I firmly believe Britain’s Russia-related sanctions against individuals and businesses contravene the basic principles of law and constitute an arbitrary criminalisation of normal commercial and personal conduct. I am advised the sanctions are unlawful on many levels. Nowhere do the British authorities seek to clarify where the sanctions stand in relation to international law. They are imposed by ministerial decree rather through a process of transparent scrutiny.

I am also told that, to find the closest analogy, you have to go back centuries to the dark days of ‘prerogative justice’ and ‘bills of attainder’. The government says the seizures are temporary, yet now we hear talk of asset confiscation. Temporary should be short-term but experience shows that once sanctions are in place they tend to stay.

You do not have to be a legal historian or international lawyer to regard the sanctions as an abomination of justice. They directly violate a bilateral investment treaty that Britain signed with Russia to protect foreign investors. The unconditional obligations of the government to not expropriate investments and allow their repatriation at any time has been breached. Other foreign investors notice these things. While decisions not to invest in Britain may be invisible to the public, or indeed business at large, they are feeding directly into the downward spiral of the shrinking economic base and increasing tax burden faced by British citizens.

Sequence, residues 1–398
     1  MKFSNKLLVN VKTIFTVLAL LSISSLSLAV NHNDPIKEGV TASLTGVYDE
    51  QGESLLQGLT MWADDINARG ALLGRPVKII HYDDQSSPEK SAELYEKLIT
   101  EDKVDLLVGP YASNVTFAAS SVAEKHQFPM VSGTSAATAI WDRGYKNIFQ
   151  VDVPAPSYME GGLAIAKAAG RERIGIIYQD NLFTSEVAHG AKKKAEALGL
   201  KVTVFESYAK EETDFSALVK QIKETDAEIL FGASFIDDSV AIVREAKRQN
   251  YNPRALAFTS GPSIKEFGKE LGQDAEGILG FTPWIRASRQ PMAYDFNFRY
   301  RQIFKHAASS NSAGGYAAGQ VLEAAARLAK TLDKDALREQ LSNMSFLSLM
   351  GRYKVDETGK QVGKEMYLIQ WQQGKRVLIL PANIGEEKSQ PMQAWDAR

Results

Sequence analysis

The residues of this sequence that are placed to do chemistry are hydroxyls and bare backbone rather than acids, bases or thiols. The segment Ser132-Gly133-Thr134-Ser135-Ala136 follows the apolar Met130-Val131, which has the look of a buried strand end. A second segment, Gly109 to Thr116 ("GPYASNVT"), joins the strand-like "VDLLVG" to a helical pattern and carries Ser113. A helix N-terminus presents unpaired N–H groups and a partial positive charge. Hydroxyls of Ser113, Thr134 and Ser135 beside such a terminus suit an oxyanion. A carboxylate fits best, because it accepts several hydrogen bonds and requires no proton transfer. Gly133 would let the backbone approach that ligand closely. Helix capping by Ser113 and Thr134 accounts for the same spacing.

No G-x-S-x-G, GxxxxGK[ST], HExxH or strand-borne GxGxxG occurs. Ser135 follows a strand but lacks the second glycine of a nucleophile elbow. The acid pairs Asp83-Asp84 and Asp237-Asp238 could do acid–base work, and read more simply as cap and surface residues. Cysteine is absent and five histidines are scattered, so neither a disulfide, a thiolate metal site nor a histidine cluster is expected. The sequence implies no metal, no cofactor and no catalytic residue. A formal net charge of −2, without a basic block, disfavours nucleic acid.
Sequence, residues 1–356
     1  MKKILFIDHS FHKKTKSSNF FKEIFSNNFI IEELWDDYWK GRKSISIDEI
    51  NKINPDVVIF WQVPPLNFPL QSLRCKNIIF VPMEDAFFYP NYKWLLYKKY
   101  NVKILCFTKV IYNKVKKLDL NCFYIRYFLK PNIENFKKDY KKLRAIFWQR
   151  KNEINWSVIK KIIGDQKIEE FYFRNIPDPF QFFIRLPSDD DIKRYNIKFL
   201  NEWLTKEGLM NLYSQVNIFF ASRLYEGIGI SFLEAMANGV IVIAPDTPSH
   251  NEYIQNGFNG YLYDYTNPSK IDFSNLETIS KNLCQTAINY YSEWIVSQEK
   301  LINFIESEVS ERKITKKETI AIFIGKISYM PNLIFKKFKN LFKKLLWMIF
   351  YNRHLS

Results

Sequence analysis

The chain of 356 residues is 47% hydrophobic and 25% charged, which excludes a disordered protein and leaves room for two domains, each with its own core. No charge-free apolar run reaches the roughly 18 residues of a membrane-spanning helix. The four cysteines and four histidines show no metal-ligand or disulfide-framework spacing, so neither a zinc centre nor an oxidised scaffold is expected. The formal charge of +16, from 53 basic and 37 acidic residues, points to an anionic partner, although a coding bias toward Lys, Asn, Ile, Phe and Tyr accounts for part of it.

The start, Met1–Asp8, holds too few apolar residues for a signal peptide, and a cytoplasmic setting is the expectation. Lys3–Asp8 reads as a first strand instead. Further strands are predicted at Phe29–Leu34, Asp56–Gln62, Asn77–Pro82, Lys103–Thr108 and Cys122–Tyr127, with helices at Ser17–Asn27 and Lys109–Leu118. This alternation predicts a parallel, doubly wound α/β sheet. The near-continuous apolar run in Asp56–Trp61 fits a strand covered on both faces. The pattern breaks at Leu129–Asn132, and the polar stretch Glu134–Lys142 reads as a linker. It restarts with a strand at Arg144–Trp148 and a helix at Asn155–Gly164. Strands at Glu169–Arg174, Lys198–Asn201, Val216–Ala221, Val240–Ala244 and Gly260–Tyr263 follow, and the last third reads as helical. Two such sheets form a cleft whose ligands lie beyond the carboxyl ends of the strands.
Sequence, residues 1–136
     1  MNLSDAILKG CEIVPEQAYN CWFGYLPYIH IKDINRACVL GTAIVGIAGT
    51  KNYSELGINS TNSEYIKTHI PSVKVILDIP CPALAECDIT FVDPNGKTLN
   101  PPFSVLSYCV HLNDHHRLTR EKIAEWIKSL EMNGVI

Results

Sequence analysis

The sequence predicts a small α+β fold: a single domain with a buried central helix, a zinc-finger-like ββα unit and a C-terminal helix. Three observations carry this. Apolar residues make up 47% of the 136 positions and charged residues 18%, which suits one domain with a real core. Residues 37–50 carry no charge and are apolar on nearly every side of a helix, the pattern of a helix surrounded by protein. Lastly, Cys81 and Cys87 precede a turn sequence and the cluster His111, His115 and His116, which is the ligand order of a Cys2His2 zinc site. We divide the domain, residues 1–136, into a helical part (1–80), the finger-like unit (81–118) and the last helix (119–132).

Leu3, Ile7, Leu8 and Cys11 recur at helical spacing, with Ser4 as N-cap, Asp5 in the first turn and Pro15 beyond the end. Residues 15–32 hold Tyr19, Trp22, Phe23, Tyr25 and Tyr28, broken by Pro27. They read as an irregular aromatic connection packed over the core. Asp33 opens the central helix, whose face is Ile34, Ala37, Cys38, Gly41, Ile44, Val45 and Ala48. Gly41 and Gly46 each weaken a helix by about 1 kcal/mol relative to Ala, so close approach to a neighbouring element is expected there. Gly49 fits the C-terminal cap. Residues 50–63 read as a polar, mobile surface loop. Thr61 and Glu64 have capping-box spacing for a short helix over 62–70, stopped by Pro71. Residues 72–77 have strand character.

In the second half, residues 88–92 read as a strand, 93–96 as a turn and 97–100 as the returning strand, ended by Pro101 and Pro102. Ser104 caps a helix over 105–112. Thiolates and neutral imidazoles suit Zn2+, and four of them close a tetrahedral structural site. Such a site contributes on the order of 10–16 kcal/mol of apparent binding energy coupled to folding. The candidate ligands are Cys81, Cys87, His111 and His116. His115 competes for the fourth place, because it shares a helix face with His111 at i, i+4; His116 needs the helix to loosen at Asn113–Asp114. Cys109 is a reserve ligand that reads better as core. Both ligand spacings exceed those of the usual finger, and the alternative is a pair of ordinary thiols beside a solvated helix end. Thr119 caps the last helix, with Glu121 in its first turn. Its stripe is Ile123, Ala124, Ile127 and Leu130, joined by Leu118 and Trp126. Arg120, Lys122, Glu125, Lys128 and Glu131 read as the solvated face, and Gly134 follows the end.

On the practical side, the sanctions have demonstrably failed to achieve their stated purpose. The idea that by making life miserable for Russian businessmen in London you encourage them to influence the foreign policy of Russia in the desired direction has been exposed as wishful nonsense. (Speaking of which, I cannot fail to mention the particularly repulsive practice of including in the sanctions wives and children who have nothing to do with business or politics.)

On the contrary, by persecuting hundreds of Russian entrepreneurs and managers, Britain has achieved only a rapprochement between Russian business and the Russian authorities. Faced with sanctions, they inevitably seek protection. It has also resulted in an unprecedented increase in domestic investment in Russia in the absence of alternative markets. The sanctions policy shows an utter lack of understanding about the workings of political power in Russia. The cold truth is western sanctions have backfired, alienated many Russian businessmen in the West and made them consolidate their resources inside Russia.

Many people like me came to Britain because it was regarded as a country where the common-law system zealously protected the property rights of individuals. It is sad this seems no longer to be the case, as international laws, treaties and access to justice are cast aside for populist political purposes.

The arbitrary and vindictive nature of sanctions is already costing Britain in many ways. But how much will it ultimately end up damaging Britain’s economy, reputation and democracy?

I hope that the acknowledgment of the wrongs caused to me by the unlawful raid on Athlone House can be a turning point.


Written by

Mikhail Fridman is a Russian-Israeli businessman.